ChristianityToday — An influential group of social scientists — including many who have appeared in Christianity Today‘s pages — have issued a public statement defending Mark Regnerus’s controversial study on same-sex parenting.
Regnerus, a sociologist at the University of Texas at Austin, published a paper in the July issue of Social Science Research that examined “how different are the adult children of parents who have same-sex relationships?” His findings, based on his New Family Structures Study, indicated that young-adult children of parents who have had same-sex relationships are more likely to experience emotional and social problems.
His Slate article published in June drew more than 450 comments and set off a chorus of criticism.
In response, a group of 18 professors — including Michael Emerson, Christian Smith, Rodney Stark, W. Bradford Wilcox, and Bradley Wright — posted a defense on the website of Baylor University’s Institute for Studies of Religion. They argue that rather then Regnerus’ study being “anti-gay,” “breathtakingly sloppy,” and “gets everything wrong” (as many media outlets have alleged), such public criticism is unwarranted for three reasons:
1) Media outlets have not properly critiqued the “small, nonrepresentative samples” used by previous studies that showed equal or more positive outcomes for children of same-sex parents vs. heterosexual parents. “By contrast, Regnerus relies on a large, random, and representative sample of more than 200 children raised by parents who have had same-sex relationships, comparing them to a random sample of more than 2,000 children raised in heterosexual families, to reach his conclusions,” they wrote.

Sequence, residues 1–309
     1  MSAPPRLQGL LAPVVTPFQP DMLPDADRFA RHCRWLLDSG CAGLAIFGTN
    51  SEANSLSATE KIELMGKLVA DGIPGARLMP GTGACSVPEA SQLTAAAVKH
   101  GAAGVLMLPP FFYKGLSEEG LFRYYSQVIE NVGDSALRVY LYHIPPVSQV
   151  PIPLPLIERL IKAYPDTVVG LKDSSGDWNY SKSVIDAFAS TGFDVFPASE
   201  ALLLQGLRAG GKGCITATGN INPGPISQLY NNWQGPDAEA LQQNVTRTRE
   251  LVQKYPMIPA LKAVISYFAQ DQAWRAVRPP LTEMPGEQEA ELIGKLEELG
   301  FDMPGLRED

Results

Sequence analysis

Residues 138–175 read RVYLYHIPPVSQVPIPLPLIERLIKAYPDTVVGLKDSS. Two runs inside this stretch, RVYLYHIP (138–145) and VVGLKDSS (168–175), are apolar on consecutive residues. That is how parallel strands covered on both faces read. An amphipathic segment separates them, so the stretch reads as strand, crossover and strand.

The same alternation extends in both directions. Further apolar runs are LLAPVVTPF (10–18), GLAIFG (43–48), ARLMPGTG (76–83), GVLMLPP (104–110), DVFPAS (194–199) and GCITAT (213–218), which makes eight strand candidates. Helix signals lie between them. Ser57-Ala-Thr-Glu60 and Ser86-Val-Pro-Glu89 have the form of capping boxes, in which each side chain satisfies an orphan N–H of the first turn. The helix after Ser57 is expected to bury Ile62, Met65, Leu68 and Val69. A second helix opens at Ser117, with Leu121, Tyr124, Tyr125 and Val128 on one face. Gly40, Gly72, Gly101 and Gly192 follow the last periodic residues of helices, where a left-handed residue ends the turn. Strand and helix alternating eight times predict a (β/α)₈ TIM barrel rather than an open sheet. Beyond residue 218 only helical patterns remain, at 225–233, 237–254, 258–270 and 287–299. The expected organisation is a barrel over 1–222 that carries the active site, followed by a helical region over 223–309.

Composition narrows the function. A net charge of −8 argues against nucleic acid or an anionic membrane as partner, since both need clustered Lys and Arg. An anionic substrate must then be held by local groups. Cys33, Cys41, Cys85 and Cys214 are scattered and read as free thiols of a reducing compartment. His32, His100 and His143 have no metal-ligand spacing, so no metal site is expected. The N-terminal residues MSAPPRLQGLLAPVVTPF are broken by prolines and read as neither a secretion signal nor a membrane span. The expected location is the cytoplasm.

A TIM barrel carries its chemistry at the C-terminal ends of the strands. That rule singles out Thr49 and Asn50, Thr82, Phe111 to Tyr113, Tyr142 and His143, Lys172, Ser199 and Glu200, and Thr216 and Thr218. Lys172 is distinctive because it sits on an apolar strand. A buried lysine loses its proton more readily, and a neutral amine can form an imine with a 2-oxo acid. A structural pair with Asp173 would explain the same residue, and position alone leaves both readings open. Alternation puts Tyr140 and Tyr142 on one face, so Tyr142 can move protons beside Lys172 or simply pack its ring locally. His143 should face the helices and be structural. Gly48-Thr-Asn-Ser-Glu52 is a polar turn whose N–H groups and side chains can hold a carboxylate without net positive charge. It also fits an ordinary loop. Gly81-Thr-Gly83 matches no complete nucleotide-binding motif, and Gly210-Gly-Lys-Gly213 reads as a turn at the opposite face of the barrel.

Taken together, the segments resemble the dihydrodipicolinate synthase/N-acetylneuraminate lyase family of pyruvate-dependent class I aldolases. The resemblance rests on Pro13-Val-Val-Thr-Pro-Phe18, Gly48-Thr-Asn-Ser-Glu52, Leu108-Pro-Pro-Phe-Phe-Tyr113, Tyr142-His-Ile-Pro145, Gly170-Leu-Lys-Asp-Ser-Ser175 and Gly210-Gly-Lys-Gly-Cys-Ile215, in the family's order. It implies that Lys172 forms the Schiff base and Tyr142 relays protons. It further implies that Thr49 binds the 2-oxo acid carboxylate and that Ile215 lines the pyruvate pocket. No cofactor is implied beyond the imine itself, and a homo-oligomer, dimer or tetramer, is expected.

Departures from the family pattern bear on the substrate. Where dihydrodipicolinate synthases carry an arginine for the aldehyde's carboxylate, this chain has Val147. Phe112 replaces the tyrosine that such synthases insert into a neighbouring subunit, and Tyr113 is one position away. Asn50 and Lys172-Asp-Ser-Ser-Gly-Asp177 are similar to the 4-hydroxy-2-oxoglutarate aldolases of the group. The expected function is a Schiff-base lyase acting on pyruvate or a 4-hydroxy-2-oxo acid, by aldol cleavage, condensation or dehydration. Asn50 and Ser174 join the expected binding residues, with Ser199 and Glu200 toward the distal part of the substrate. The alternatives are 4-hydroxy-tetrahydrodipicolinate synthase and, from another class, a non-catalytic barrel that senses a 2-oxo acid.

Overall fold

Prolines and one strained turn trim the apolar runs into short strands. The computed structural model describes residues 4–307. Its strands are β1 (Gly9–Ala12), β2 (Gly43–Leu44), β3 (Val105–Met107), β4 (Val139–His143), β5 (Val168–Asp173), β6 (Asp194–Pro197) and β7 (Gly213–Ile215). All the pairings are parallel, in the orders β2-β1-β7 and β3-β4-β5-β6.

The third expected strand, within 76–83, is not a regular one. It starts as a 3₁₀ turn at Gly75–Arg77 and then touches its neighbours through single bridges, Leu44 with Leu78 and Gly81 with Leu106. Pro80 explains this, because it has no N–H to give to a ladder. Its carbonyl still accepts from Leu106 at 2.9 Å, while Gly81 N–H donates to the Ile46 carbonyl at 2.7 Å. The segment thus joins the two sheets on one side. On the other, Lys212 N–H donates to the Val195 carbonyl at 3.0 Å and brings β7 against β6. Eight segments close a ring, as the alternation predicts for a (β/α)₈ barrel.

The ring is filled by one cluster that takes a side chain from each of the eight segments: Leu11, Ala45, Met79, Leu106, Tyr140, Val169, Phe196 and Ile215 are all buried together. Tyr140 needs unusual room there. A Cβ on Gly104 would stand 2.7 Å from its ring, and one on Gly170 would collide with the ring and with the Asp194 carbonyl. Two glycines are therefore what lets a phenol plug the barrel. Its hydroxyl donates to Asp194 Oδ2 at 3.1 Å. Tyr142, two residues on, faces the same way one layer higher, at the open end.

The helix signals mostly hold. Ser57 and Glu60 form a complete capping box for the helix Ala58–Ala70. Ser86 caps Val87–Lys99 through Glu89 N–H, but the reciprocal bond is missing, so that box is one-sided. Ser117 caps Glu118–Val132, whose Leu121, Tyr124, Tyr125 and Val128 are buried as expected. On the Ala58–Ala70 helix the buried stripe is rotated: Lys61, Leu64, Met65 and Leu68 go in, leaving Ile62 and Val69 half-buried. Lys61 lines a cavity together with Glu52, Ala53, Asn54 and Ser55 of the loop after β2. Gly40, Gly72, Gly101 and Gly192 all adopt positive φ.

2) Those critical of Regnerus surveying children from same-sex relationships with high levels of instability “fail to appreciate … that Regnerus chose his categories on the basis of young adults’ characterizations of their own families growing up, and the young adults whose parents had same-sex romantic relationships also happened to have high levels of instability in their families of origin.”
3) Another new study (published this month in the Journal of Marriage and Family) — also based on a large, nationally representative, and random survey — comes to conclusions that parallel those of Regnerus’s study.Continue Reading on blog.christianitytoday.com